Recruitment To Germany 2018
Jobs are often advertised on recruitment as well as on company websites. Some international companies will have vacancies in both English and German.
It may be possible to find and apply for jobs from the UK, but there will usually be one or maybe two interviews before a job offer is made. They'll be with personnel (HR), which will focus on personality and motivation; and your potential line manager from your intended department, which will address technical knowledge and skills. They may be held together or separately. Psychological and aptitude tests are usual and assessment centres are often used for managerial positions.
A CV (lebenslauf) and covering letter (anschreiben) are usually required, rather than an application form. See application and CV advice for more details on how to construct a good CV, and Expatica for advice on applications and more.
Will your UK qualifications be recognised?
Following the Bologna Process and the creation of the European Higher Education Area (EHEA), UK qualifications are usually recognised by an employer.
Germany has 60+ regulated professions, including doctors, opticians and teachers, so if yours is one of them, contact the relevant professional association to get them recognised.
- Academics.com – academic jobs in research and higher education in Germany.
- Bundesagentur für Arbeit – federal employment agency. Has a wide range of job vacancies, including internships (Praktika).
- EURES – European Job Mobility Portal – provides job vacancies and a CV-posting service for jobseekers, as well as information on living and working conditions and labour markets in Germany.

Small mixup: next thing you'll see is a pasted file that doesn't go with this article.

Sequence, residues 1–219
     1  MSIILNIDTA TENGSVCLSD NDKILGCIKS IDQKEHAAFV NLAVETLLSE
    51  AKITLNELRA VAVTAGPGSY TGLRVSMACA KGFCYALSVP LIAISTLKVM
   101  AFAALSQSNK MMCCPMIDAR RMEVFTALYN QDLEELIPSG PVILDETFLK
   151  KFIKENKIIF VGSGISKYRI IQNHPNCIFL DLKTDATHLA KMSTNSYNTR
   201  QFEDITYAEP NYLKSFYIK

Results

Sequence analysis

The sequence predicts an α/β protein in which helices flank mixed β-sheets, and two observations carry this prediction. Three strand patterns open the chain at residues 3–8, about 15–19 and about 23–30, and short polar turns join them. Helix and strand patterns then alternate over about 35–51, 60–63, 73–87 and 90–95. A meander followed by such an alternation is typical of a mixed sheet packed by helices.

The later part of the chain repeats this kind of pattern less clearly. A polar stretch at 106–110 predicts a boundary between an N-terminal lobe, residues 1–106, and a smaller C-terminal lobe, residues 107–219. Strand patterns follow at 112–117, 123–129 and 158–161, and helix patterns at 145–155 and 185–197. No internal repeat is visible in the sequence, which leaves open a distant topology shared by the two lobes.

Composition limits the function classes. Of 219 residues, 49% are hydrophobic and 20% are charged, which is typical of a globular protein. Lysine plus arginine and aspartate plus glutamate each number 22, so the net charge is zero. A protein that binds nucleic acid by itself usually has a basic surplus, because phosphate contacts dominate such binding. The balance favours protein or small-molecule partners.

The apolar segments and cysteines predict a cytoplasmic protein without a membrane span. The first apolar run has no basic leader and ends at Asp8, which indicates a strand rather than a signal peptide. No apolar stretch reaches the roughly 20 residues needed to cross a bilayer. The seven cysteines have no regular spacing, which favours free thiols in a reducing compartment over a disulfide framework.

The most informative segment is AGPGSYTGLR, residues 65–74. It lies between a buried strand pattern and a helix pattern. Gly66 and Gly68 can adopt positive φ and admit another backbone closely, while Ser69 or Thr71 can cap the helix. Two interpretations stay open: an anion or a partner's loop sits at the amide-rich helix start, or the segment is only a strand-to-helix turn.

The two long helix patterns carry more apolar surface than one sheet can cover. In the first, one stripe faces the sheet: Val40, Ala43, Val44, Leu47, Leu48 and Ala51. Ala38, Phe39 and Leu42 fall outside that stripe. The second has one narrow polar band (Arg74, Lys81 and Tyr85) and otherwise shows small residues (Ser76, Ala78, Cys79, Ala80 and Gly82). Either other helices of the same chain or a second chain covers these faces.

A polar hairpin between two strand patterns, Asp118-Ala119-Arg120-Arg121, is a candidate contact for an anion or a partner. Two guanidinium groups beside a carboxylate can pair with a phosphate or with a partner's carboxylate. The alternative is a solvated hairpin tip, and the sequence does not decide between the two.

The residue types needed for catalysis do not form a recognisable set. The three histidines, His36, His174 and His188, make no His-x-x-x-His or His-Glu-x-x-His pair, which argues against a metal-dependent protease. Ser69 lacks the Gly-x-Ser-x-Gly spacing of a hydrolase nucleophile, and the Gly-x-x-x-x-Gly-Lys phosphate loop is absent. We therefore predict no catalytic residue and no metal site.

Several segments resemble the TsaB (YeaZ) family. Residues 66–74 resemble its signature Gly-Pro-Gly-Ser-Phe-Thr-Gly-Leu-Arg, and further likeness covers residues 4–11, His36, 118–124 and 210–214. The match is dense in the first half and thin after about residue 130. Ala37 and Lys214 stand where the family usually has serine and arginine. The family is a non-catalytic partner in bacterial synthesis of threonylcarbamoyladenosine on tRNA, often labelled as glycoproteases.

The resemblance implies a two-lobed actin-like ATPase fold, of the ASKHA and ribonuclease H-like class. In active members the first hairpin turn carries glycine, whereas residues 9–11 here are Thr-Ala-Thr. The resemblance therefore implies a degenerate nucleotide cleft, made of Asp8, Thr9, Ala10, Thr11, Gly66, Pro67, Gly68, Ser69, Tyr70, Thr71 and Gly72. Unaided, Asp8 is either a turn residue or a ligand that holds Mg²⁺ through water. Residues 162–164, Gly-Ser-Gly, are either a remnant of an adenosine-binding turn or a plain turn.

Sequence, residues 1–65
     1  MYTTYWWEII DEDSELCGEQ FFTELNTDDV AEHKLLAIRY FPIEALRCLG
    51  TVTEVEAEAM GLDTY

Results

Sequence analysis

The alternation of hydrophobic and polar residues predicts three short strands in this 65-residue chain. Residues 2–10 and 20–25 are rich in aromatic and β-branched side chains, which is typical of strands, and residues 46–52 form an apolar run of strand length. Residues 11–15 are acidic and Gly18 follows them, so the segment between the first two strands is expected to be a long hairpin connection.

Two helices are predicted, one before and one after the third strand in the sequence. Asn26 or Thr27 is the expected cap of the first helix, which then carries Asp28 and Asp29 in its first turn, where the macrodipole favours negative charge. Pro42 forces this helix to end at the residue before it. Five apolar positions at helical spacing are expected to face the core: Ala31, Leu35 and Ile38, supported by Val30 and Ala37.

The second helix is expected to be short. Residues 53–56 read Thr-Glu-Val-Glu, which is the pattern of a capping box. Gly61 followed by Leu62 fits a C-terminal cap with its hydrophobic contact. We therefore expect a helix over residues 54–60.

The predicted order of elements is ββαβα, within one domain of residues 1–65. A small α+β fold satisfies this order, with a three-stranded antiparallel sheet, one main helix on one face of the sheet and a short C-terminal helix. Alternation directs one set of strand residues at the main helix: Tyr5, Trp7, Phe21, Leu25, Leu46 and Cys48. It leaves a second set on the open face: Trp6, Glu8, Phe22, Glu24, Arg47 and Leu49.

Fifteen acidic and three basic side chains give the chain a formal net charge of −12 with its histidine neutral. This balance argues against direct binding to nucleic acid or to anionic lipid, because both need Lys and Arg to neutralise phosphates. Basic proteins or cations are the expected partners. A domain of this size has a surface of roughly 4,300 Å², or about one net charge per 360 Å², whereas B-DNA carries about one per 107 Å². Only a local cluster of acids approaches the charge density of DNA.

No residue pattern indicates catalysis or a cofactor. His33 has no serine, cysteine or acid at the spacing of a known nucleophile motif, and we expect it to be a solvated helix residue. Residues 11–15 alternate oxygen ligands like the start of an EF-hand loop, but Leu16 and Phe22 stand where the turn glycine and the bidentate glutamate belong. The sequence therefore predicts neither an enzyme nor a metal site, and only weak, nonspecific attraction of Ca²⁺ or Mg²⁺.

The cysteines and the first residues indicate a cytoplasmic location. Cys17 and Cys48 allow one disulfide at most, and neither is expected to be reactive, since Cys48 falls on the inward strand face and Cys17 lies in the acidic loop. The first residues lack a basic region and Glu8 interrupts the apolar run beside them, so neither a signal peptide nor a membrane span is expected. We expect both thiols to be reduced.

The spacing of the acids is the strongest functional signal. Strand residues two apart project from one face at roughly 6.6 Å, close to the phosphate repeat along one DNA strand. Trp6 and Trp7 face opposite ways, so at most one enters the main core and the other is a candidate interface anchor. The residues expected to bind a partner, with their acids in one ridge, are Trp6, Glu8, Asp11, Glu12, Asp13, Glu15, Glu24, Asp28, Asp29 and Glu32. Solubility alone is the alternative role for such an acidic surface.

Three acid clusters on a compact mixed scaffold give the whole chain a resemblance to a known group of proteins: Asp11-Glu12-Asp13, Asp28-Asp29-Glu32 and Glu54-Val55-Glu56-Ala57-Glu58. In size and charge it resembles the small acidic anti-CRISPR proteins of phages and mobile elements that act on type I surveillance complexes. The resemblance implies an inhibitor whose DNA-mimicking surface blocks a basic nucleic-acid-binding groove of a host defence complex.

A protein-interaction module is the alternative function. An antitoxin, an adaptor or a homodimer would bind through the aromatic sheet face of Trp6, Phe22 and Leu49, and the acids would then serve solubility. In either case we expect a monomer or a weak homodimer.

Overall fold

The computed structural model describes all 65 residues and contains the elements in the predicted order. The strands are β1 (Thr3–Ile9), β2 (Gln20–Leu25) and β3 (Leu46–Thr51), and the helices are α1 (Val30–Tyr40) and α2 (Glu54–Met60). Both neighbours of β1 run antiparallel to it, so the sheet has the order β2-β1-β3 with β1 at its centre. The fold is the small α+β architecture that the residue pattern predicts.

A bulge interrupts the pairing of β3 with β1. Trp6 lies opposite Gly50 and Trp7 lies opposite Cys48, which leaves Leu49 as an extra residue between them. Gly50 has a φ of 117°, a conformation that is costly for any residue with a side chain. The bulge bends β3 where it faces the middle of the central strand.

- Jobware – management and specialist jobs, including internships.
- Staufenbiel – career portal for graduates and current students looking for internships, apprenticeships and other training opportunities.
- StepStone (Germany) – includes internships/work experience as well as a range of graduate jobs.
- Stellenanzeigen.de – lists job opportunities in a range of industries.
Recruitment agencies are listed in the Gelbe Seiten (German Yellow Pages) (use the search term: Arbeitsvermittlung). Reputable agencies should also be members of the Federal Employers' Association of Personnel Service Providers – Bundesarbeitgeberverband der Personaldienstleister (BAP).
National and corporate members are also listed at World Employment Confederation.
Most EU nationals do not need a visa or work permit but citizens of non-EU countries may be required to have these documents. However, once you have taken up work in Germany, you must obtain a certificate of residence from the local Ausländeramt (Foreign Nationals Authority) or Einwohnermeldeamt (Residence Registration Office). This must be done within the first three months of your arrival and you will usually need proof of employment (contract, letter of employment, etc) and proof of accommodation. See the Federal Foreign Office for full details.
If you are not a citizen of an EU member state, contact the German embassy in the country where you are to find out about visa regulations. A list of German embassies is available from the Federal Foreign Office website, under German Missions Abroad